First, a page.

Grindr serial killer Stephen Port appeals against murder convictions
Serial killer Stephen Port has launched an appeal against his convictions for the murder of four men.
Stephen Port, 41, of Barking, east London was jailed for life in November 2017 for the murders of Anthony Walgate, Gabriel Kovari, Daniel Whitworth, and Jack Taylor.
The former chef hunted young gay men on hook-up apps, before luring them to his house, drugging them with GHB, and sexually assaulting them.
The killings took place between June 2014 and September 2015, but a series of police blunders left Port, who was already known to authorities, free to keep killing.
On Thursday, it was confirmed that Port is in the “early stages” of filing a legal challenge with the Court of Appeal.
A representative for the families of Port’s victims said: “The victim’s families remain assured of the safety of Port’s conviction and this changes nothing.”
The families of the victims recently began crowdfunding to secure legal representation ahead of fresh inquests into the four deaths.
On the CrowdJustice page, they explained: “When each boy’s body was found, the Metropolitan Police dismissed our pleas and failed to identify or investigate the deaths as murder until it was too late.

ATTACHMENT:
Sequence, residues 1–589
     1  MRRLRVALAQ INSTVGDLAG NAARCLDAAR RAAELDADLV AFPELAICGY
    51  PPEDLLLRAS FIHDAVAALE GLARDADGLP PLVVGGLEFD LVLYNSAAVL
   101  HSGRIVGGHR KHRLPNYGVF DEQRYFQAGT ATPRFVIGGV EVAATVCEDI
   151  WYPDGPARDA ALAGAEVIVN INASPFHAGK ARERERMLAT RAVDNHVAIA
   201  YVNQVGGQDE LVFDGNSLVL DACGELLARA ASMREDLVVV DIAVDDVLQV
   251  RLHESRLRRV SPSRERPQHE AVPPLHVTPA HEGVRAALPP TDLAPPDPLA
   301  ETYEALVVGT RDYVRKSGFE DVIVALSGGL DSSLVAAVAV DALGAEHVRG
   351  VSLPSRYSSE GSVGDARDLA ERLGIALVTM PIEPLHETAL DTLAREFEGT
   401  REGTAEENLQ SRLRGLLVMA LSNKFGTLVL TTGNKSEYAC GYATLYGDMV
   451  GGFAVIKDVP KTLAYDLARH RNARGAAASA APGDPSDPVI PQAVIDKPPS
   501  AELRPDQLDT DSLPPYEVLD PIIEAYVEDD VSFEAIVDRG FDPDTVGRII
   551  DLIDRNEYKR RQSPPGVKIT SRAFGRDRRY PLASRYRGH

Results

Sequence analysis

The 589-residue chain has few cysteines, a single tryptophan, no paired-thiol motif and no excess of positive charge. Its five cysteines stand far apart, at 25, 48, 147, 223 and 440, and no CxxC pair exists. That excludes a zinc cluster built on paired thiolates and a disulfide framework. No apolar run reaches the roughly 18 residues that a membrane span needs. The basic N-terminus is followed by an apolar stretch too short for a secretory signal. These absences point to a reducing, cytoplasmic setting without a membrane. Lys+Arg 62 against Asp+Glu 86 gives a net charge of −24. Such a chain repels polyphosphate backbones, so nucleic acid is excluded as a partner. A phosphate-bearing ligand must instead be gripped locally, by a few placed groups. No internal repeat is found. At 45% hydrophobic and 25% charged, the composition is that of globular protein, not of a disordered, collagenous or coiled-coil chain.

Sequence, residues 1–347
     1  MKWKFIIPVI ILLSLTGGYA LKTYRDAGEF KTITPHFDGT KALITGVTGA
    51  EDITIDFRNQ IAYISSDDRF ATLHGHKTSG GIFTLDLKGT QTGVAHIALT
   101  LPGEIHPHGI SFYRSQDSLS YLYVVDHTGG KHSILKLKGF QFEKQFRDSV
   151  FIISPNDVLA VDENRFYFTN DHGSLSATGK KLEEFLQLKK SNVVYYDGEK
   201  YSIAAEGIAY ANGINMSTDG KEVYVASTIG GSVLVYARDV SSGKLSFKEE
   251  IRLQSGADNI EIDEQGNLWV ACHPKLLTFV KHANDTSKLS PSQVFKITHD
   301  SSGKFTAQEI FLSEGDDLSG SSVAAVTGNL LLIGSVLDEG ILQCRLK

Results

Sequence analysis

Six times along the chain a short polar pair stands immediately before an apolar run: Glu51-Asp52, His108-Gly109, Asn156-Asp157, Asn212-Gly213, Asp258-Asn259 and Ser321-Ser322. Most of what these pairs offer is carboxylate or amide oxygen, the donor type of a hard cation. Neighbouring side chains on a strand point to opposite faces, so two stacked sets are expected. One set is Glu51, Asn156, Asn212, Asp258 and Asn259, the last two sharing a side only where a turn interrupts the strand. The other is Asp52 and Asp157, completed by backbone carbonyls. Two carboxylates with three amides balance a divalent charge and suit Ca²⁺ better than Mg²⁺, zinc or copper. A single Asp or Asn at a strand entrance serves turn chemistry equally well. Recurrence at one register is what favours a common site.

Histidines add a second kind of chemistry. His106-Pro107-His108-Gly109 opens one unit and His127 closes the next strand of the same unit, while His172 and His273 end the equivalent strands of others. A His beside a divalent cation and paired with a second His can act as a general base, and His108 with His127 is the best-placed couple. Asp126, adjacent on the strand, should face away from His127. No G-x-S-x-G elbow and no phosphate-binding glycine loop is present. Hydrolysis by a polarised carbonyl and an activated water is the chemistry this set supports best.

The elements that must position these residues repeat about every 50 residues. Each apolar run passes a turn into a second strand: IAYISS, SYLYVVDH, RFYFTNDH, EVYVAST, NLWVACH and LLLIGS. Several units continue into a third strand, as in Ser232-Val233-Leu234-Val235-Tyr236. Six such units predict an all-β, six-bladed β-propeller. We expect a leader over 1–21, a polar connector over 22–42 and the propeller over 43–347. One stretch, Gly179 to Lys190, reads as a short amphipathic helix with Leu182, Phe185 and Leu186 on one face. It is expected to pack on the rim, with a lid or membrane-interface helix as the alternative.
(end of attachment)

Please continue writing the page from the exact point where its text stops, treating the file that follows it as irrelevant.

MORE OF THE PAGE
“They later admitted missing ‘potential opportunities’ in investigating the deaths.
“Stephen Port was eventually caught and was convicted of all four murders in November 2016 and will spend the rest of his life in prison.
“Yet, we’re left devastated by the loss of our son, brother, uncle and friend. We believe that their deaths could have been avoided if the police had done their jobs instead of dismissing our boys as drug-taking gays.
“We now need help to get the best legal representation possible at the inquests into the deaths. We feel the police let us down before and we don’t want to be let down again. This is our chance to get answers and accountability.
“£10,000 won’t cover all the legal costs but it will be a great help.”
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All four inquests are due to be held together next year.
The Independent Office for Police Conduct recently concluded an investigation into the handling of the Port case. A report has been passed to the Met but its findings have not been made public.
The BBC reported in July 2018 that of the 17 police officer sunder investigation over the Port case, 16 refused to answer questions during interviews with the police watchdog.
The one officer who did answer questions is no longer serving, meaning he could not face sanction.